The old man goes to ‘explore’ Ridgecrest. I can’t imagine it can possibly have anything to discover, so stay at the hotel. Some considerable time later he reappears, a jibbering wreck. He has trodden on a live power cable sticking out of a hole in the road. I say we should call a doctor but he is convinced beer is the answer.
RTW Day 6 – Death Valley
21st February 2018
I wake up and check the old man has survived the night, despite his encounter with a power cable. He is feeling better so we set off for Death Valley.
The road climbs and climbs until we reach the top of Towne pass. We’re at 4956 feet and it’s zero degrees. Then we descend into the valley on a road that it is more like a roller coaster. By the time we reach the bottom, we’re below sea level and the temperature has risen by 18 degrees.
The variation in the landscape is astounding. First, stop, the sand dunes of Mesquite Flat.
Next, we take a hike through the yellow rocks of Golden Canyon to Red Rock Cathedral.
On to salt flats of Badwater Basin.
Next, the stunning Artists Palette with layers of rock in every imaginable colour.
We make our way out of the park via the folding yellow and black rocks of Zabriskie Point.
The other side of Death Valley, we make stop at the ghost town of Rhyolite, an abandoned gold mining town.
Nearby are a house made of bottles and the quirky Goldwell Outdoor Museum with sculptures made of bandages soaked in plaster.
Home for the night is the Exchange Club Motel, Beatty. Lonely Planet describes Beatty as ‘broken-down’, so expectations are low. The receptionist suggests we have dinner at VFW. We’re through the door, into a room with camouflage covered windows and tables inset with medals and bullets, before we realise VFW stands for Veterans of Foreign Wars. Not surprisingly, most of the patrons are vets (think British Legion with a sprinkling of Hells Angel). But they’re a friendly bunch and we’re made to feel very welcome. The food is good too, although we skip the deep fried Oreos. All in all a very pleasant day.
RTW Day 7 – Las Vegas
22nd February 2018
From the insane natural beauty of Death Valley, today we visit the man made craziness of Las Vegas.
It’s a chilly minus 6 degrees when we set off on the 120 mile journey with 90 miles of fuel, assuming there will be somewhere to fill up en route. 30 miles in and nothing but desert in sight, we are considering turning round, when we spot an Alien Center which also sells fuel (we are on the edge of Area 51).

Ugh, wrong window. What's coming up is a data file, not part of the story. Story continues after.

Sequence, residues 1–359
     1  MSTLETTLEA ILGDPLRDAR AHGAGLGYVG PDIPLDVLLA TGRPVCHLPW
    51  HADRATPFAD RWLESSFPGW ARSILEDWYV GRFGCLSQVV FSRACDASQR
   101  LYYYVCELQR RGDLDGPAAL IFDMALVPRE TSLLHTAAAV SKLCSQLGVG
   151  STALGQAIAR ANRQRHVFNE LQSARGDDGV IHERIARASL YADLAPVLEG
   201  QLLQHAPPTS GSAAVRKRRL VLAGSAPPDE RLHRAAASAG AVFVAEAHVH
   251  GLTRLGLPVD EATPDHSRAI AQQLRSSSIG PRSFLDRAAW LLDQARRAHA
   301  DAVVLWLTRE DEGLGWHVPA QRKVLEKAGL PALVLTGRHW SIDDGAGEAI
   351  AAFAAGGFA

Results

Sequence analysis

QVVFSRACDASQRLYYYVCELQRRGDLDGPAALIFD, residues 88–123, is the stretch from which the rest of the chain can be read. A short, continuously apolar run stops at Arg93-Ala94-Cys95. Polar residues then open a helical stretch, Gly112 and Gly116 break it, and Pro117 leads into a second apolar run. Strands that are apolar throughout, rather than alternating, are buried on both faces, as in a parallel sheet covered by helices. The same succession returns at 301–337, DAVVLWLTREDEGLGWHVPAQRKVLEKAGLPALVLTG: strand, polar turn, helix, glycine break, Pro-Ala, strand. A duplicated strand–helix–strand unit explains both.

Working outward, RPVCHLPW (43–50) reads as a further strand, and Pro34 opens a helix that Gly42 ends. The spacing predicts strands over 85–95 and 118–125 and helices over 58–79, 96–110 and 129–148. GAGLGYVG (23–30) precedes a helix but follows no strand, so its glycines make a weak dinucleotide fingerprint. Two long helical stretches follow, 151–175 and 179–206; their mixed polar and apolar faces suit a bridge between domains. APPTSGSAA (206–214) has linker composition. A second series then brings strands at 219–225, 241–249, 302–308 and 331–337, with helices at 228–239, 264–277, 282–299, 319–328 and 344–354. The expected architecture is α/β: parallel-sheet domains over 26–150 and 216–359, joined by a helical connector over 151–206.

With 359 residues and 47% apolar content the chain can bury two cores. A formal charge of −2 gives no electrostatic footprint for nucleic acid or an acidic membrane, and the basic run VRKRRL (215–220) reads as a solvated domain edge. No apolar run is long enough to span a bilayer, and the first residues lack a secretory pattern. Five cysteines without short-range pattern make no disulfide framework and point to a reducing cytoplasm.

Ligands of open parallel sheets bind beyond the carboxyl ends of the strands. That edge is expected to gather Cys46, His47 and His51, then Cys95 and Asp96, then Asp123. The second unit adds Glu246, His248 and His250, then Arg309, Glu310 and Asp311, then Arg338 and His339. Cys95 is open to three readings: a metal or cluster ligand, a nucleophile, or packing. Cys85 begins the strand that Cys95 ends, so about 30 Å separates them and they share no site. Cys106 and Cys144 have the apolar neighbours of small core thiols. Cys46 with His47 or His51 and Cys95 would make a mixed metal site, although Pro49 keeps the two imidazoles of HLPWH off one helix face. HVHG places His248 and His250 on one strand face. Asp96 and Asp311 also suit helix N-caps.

We reach Las Vegas by 11 am and go for brunch at Planet Hollywood. The old man moans that it costs $20, then polishes off 5 platefuls.
We walk south along the strip, past the various themed hotels; Paris Las Vegas with its Eiffel Tower, New York-New York with its Statue of Liberty and roller coaster, castle-like Excalibur and Egyptian styled Luxor. Along the way we are serenaded by a drunk Elvis on a mobility scooter and bump into Superman on an escalator.
We aim for the Welcome to Las Vegas sign. It’s a lot further than we’d expected and old man tries to convince me to make do with a sign pointing the way to the Welcome to Las Vegas sign.
Sign located and photographed, we return up the strip to check in to the Ellis Island Casino and Brewery and go to the bar to claim our free litre of beer. It comes in a glass flagon with the hotel logo on. There is a difference of opinion on whether this is a cool souvenir of our trip to Vegas or a heavy item to carry with us for the next 30,000 miles.
Then back out to see Vegas lit up after dark and to watch the exploding volcano at Mirage. I hadn’t realised the sheer scale of the strip. In one afternoon we’ve walked 13 miles and only covered the bottom half.
RTW Day 8 – Las Vegas
23rd February 2018
Las Vegas day 2 and to be honest, my tolerance level for this place was one day. We go down for breakfast at 8 am. The restaurant is in the corner of the casino which is already full of gamblers and a surprising number of people drinking beer. Even in my hardcore student days, I don’t recall having beer for breakfast. The hotel breakfast consists of a ‘basket of pastries’. I haven’t seen a fruit or vegetable since we entered Nevada.